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I have a database of houses. Within the houses mssql database record is a field called areaID. A house could be in multiple areas so an entry could be as follows in the database:

+---------+----------------------+-----------+-------------+-------+
| HouseID | AreaID               | HouseType | Description | Title |
+---------+----------------------+-----------+-------------+-------+
| 21      | 17, 32, 53           | B         | data        | data  |
+---------+----------------------+-----------+-------------+-------+
| 23      | 23, 73               | B         | data        | data  |
+---------+----------------------+-----------+-------------+-------+
| 24      | 53, 12, 153, 72, 153 | B         | data        | data  |
+---------+----------------------+-----------+-------------+-------+
| 23      | 23, 53               | B         | data        | data  |
+---------+----------------------+-----------+-------------+-------+

If I open a page that called for houses only in area 53 how would I search for it. I know in MySQL you can use find_in_SET but I am using Microsoft SQL Server 2005.

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3  
Is normalizing the data into a many-to-many relationship with the areas in a second table an option? –  Jaymz Feb 6 '11 at 18:50

4 Answers 4

up vote 5 down vote accepted

If your formatting is EXACTLY

N1, N2 (e.g.) one comma and space between each N

Then use this WHERE clause

WHERE ', ' + AreaID + ',' LIKE '%, 53,%'

The addition of the prefix and suffix makes every number, anywhere in the list, consistently wrapped by comma-space and suffixed by comma. Otherwise, you may get false positives with 53 appearing in part of another number.

Note

  1. A LIKE expression will be anything but fast, since it will always scan the entire table.
  2. You should consider normalizing the data into two tables:

Tables become

House
+---------+----------------------+----------+
| HouseID | HouseType | Description | Title |
+---------+----------------------+----------+
| 21      | B         | data        | data  |
| 23      | B         | data        | data  |
| 24      | B         | data        | data  |
| 23      | B         | data        | data  |
+---------+----------------------+----------+

HouseArea
+---------+-------
| HouseID | AreaID
+---------+-------
| 21      | 17
| 21      | 32
| 21      | 53
| 23      | 23
| 23      | 73
..etc

Then you can use

select * from house h
where exists (
    select *
    from housearea a
    where h.houseid=a.houseid and a.areaid=53)
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Many thanks, creating a second table, although laborious was exactly what I needed to do. Many thanks for the advice... much appreciated.. –  neojakey Feb 7 '11 at 13:05

2 options, change the id's of AreaId so that you can use the & operator OR create a table that links the House and Area's....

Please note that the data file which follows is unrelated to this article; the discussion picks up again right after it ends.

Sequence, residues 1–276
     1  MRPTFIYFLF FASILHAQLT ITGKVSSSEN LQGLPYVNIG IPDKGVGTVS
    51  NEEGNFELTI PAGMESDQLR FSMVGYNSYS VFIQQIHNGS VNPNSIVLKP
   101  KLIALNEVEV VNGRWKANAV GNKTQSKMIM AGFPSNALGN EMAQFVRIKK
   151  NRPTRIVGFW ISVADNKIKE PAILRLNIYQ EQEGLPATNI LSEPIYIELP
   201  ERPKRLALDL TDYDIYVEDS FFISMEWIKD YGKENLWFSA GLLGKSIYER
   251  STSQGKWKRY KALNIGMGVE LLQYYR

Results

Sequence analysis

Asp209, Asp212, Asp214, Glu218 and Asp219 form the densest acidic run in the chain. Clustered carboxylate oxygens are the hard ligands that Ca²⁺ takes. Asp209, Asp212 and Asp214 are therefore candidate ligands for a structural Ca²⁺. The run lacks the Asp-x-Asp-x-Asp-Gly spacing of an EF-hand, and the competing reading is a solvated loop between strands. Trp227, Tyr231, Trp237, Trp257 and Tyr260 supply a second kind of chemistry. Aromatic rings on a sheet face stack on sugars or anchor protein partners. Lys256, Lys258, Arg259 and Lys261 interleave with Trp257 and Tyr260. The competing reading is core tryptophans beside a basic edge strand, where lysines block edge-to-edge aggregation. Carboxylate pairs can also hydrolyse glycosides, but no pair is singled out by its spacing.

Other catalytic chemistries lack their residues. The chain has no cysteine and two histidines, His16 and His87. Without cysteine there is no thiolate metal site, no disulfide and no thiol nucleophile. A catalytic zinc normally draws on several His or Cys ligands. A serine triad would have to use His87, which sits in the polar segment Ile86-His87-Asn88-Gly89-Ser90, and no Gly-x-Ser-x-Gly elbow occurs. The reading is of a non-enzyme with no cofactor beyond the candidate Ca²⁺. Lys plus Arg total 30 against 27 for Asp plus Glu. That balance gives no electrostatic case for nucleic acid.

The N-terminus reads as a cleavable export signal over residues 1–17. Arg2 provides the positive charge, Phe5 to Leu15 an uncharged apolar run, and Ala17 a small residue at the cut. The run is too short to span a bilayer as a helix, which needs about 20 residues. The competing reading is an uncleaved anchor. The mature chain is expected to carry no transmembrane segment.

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Could you explain the use of the & operator further..? –  neojakey Feb 6 '11 at 17:36
    
its the bitwise operator –  Tim Mahy Feb 10 '11 at 8:12

What datatype is AreaID?

If it's a text field you could something like

WHERE ( 
         AreaID LIKE '53,%'     -- Covers: multi number seq w/ 53 at beginning  
      OR AreaID LIKE '% 53,%'   -- Covers: multi number seq w/ 53 in middle
      OR AreaID LIKE '% 53'     -- Covers: multi number seq w/ 53 at end
      OR AreaID = '53'          -- Covers: single number seq w/ only 53
      )

Note: I haven't used SQL-Server in some time, so I'm not sure about the operators. PostgreSQL has a regex function, which would be better at condensing that WHERE statement. Also, I'm not sure if the above example would include numbers like 253 or 531; it shouldn't but you still need to verify.

Furthermore, there are a bunch of functions that iterate through arrays, so storing it as an array vs text might be better. Finally, this might be a good example to use a stored procedure, so you can call your homebrewed function instead of cluttering your SQL.

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Use a Split function to convert comma-separated values into rows.

CREATE TABLE Areas (AreaID int PRIMARY KEY);
CREATE TABLE Houses (HouseID int PRIMARY KEY, AreaIDList varchar(max));
GO

INSERT INTO Areas VALUES (84);
INSERT INTO Areas VALUES (24);
INSERT INTO Areas VALUES (66);
INSERT INTO Houses VALUES (1, '84,24,66');
INSERT INTO Houses VALUES (2, '24');
GO

CREATE FUNCTION dbo.Split (@values varchar(512)) RETURNS table
AS
RETURN
    WITH Items (Num, Start, [Stop]) AS (
      SELECT 1, 1, CHARINDEX(',', @values)
      UNION ALL
      SELECT Num + 1, [Stop] + 1, CHARINDEX(',', @values, [Stop] + 1)
      FROM Items
      WHERE [Stop] > 0
    )
    SELECT Num, SUBSTRING(@values, Start, 
        CASE WHEN [Stop] > 0 THEN [Stop] - Start ELSE LEN(@values) END) Value
    FROM Items;
GO

CREATE VIEW dbo.HouseAreas
AS
    SELECT h.HouseID, s.Num HouseAreaNum,
        CASE WHEN s.Value NOT LIKE '%[^0-9]%'
               THEN CAST(s.Value AS int)
            END AreaID
    FROM Houses h
    CROSS APPLY dbo.Split(h.AreaIDList) s
GO

SELECT DISTINCT h.HouseID, ha.AreaID
FROM Houses h
INNER JOIN HouseAreas ha ON ha.HouseID = h.HouseID
WHERE ha.AreaID = 24
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